Growth Hormone-Producing Pituitary Adenomas in Childhood or Young Adulthood

Presentation Number: SUN 447
Date of Presentation: April 2nd, 2017

Yuichi Nagata*1, Noriaki Fukuhara2, Mitsuo Okada1, Hiroshi Nishioka1 and Shozo Yamada2
1Toranomon Hospital, Tokyo, Japan, 2Toranomon Hosp, Tokyo, Japan



Growth hormone (GH)-producing pituitary adenoma (PA) in childhood or young adulthood is a rare clinical entity, and the detail about the clinical and pathological features are not well understood. We present herein the treatment outcome and pathological features of this entity.


We experienced the 22 consecutive patients with GH-producing PA aged 20 years old or younger, treated between February 2003 and September 2016 at Toranomon Hospital. All the patients had undergone transsphenoidal surgery (TSS), and the pathological diagnosis confirmed GH-producing PAs. We retrospectively reviewed the clinical presentation, treatment outcome and pathological features of these patients.


Our cohort included 13 men and 9 women with mean age of 16.8 years old (7-20 years old) at surgery. According to Knosp-Steiner classification, 7 cases were classified as Grade 0, 5 were Grade 1, 4 were Grade 2, 1 was Grade 3, and 5 were Grade 4. The average tumor size was 24mm in diameter. Gross total resection was achieved in 14 of 22 cases (63.6%). By immunohistochemistry, 8 cases were diagnosed as GH producing adenoma and 14 cases were GH and prolactin (PRL) producing adenoma (immunoreactive cells for PRL> 1%). Among 12 cases examined, 4 were AIP mutation-positive, and 2 were diagnosed as Carney complex. In 11 cases, complete remission of the disease was achieved only by surgical treatment at the last follow-up (50%). In other 9 cases, GH was also controlled well and stabilized by TSS followed by additional radiotherapy and/or medication during the mean follow-up period of 48.4 months (1-156 months).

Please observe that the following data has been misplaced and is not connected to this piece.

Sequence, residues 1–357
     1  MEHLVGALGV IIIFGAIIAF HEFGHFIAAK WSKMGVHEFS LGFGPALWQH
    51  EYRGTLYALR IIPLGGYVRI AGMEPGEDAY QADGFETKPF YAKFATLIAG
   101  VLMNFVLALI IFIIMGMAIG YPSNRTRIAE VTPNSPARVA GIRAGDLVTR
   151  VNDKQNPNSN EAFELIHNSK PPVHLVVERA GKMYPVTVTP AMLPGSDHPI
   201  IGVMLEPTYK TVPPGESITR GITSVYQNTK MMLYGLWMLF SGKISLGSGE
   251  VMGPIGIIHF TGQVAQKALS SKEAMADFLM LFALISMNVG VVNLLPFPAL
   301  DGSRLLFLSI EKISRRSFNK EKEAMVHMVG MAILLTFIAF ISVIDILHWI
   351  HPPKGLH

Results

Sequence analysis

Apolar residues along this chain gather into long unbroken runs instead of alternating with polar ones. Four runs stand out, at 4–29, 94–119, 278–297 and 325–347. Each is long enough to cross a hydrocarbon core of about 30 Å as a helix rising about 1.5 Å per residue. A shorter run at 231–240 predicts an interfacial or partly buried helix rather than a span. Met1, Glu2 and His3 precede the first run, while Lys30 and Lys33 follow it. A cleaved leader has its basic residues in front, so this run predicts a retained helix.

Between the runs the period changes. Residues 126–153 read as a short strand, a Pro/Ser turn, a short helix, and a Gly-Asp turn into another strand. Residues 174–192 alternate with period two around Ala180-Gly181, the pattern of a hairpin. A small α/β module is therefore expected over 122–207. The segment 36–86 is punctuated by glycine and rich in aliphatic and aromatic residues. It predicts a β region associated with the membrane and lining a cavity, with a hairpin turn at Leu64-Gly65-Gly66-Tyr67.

In our institute, the clinical outcome of patients with GH-producing PA in their childhood or young adulthood was worse than that of all ages. Current our study indicates that genetic mutations of AIP or PRKAR1Awere significantly more common in younger patients (< 20 years) than in adult patients, suggesting our poor surgical outcomes in this series.


In young patients with acrogigantism, complete remission is less likely to be achieved by surgery alone. Multidisciplinary treatment: radical resection of the tumor followed by additional radiotherapy and/or medication is mandatory to achieve optimal clinical outcome.


Nothing to Disclose: YN, NF, MO, HN, SY